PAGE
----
I’m going to ask you to do something that we’ve seen thousands of people do in different parts of the world. I’m going to ask you to say, “I do want my life to change. I want to be certain that if I die I’ll go to heaven.” I’m going to ask you to come and make this decision. Make certain that you know Christ as your Lord and Savior. You may want to rededicate your life. You come.

Thus, Billy Graham concluded his sermons with more or less the same words for more than sixty years. He invited his listeners to get out of their seats and come forward to show that …

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A Small Rural Church Is Hard to Kill

A Texas Baptist pastor on the risk and resilience of America’s smallest congregations.

By any measure, Sunday’s mass shooting at the First Baptist Church of Sutherland Springs, Texas, breaks records we’d rather not see broken. Texas Gov. Greg Abbott characterized it as the worst mass shooting in the history of our state and among the worst in the country’s recent history. It is the deadliest church shooting on record.

Superlatives abound as our society scrambles to understand what these things mean. Framed in an overarching narrative of the decline of American civility or debates over gun-politics or increasing hostility toward people of faith, the shooting serves as a data point for the more cerebral and an exclamation point for the more passionate.

When you remove the framework and look at the story of a small church in a rural town, this event defies ranking or evaluation.

For the First Baptist Church of Sutherland Springs, it is an extinction-level event. The church’s lay leadership have all been murdered. The preponderance of the church’s surviving membership lies in the hospital. Eight of the slain come from a single family.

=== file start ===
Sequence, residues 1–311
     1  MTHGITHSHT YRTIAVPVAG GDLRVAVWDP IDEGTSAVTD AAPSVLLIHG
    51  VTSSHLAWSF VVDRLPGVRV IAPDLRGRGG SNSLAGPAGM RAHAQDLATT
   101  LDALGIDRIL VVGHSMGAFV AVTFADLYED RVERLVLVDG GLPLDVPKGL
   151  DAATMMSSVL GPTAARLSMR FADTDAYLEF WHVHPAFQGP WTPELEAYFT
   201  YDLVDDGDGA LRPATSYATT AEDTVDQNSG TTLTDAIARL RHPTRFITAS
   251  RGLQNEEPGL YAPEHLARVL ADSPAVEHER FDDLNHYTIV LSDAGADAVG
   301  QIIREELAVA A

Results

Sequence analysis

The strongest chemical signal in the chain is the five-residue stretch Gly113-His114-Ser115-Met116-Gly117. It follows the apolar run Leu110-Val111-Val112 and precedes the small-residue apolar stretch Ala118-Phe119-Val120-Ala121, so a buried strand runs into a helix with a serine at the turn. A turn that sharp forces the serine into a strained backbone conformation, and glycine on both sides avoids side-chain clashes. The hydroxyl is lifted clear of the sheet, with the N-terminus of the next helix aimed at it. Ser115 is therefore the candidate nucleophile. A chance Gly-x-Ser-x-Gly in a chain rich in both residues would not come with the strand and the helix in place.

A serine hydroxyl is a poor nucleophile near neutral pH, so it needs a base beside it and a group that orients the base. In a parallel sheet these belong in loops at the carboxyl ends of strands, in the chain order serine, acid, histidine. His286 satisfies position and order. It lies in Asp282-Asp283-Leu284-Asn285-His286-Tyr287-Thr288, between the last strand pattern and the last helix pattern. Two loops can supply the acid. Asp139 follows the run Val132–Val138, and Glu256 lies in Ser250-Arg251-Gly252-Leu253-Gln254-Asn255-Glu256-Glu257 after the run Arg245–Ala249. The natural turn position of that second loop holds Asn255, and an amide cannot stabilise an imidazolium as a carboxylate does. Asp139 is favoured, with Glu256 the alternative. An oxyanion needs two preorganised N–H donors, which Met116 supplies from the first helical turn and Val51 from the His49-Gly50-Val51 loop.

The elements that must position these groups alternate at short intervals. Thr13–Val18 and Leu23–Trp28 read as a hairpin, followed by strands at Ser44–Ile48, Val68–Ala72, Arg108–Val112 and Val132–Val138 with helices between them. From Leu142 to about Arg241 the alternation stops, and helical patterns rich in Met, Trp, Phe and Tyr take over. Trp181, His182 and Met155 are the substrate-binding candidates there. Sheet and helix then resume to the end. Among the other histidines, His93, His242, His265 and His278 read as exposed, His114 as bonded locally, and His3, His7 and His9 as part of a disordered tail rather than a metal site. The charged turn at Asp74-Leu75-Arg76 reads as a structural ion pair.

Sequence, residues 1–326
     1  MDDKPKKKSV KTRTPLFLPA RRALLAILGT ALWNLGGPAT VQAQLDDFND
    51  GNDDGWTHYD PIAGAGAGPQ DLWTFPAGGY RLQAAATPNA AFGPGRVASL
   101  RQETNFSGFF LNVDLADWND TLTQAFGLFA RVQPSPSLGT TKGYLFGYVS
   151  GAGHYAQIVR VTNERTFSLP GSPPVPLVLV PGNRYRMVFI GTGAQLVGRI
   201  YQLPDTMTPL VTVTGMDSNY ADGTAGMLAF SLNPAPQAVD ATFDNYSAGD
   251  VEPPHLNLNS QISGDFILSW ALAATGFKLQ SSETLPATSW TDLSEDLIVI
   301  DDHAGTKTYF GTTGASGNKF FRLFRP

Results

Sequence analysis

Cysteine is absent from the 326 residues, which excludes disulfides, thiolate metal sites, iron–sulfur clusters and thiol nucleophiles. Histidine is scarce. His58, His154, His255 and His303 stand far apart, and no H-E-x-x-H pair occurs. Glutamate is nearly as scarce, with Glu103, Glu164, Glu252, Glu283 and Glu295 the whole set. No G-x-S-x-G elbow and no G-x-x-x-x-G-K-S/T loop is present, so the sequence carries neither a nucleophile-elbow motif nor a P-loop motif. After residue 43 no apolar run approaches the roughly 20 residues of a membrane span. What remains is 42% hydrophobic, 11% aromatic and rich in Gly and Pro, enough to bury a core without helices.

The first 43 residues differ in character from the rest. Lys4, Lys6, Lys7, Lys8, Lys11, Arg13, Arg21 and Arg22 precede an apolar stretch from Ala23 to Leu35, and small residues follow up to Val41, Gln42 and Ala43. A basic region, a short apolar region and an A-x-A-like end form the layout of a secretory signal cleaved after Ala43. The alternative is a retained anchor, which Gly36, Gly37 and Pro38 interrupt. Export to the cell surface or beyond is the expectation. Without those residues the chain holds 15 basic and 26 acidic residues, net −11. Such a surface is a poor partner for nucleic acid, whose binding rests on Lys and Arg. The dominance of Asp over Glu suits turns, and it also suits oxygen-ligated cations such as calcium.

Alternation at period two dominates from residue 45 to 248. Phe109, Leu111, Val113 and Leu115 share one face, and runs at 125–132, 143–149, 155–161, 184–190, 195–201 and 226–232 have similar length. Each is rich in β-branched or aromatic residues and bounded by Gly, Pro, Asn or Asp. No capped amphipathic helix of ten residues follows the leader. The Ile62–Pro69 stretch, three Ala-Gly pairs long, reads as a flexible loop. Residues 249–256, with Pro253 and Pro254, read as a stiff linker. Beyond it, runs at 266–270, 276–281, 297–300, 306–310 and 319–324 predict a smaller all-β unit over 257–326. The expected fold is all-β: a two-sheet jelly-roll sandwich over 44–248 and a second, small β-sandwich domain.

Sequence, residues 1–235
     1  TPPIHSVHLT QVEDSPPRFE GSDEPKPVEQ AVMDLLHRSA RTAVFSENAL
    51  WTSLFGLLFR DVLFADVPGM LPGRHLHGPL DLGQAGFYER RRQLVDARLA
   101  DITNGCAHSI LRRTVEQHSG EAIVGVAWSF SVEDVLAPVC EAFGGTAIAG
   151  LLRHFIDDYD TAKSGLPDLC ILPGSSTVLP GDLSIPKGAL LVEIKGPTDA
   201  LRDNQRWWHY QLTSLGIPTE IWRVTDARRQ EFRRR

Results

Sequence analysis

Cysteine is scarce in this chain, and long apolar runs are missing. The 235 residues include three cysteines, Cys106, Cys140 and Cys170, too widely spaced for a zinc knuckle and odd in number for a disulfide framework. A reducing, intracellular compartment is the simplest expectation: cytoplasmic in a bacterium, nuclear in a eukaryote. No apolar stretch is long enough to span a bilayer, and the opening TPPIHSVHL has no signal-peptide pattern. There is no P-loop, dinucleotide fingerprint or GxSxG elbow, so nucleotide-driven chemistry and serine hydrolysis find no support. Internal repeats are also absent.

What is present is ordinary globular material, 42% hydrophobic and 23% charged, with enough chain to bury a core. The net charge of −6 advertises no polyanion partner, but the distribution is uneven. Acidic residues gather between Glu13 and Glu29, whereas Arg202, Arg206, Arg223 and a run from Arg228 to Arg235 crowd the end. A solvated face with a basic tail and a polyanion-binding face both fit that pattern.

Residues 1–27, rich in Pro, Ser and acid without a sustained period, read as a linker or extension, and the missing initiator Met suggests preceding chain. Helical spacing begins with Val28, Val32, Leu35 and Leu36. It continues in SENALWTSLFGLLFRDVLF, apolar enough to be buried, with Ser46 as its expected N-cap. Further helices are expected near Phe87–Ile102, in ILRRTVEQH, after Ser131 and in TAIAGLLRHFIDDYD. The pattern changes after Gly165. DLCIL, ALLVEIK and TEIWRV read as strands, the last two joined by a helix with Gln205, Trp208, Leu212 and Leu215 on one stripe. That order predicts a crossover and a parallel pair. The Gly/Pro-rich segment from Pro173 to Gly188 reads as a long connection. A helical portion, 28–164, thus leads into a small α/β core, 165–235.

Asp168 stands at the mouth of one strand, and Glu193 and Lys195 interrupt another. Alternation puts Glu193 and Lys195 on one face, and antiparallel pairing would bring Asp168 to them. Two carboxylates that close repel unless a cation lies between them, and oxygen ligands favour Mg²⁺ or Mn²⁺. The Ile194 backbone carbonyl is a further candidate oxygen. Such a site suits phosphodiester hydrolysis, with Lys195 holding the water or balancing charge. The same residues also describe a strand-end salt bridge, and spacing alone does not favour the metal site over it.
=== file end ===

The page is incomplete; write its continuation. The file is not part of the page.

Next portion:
The worship center lies smothered in the carnage and riddled with bullet holes. Who’s going to clean it? Who’s going to pay to have it cleaned? The people who have taken care of those needs in the past were carried out of the meeting house on stretchers and gurneys.

The death of 26 members would traumatize any church, but for a church this size, it threatens the church’s very existence. It threatens that small church; it frightens every small church. Most of the pastors of small churches across the nation know someone whom they could imagine committing a similar crime.

The definition of the family and the nature of childhood in America is …

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Shooting at Southern Baptist Texas Church Kills 26 Worshipers

Tragedy at First Baptist Church of Sutherland Springs is deadliest US church attack since 1963.

During its 11 a.m. worship service, a Southern Baptist church in rural Texas suffered not only America’s latest mass shooting but the deadliest at a US church in more than 50 years.

At least 26 worshipers, ranging in ages from 5 to 72, have died from First Baptist Church of Sutherland Springs, according to Texas authorities. YouTube videos of the church’s weekly service indicate that recent Sundays have drawn about 50 to 75 attendees.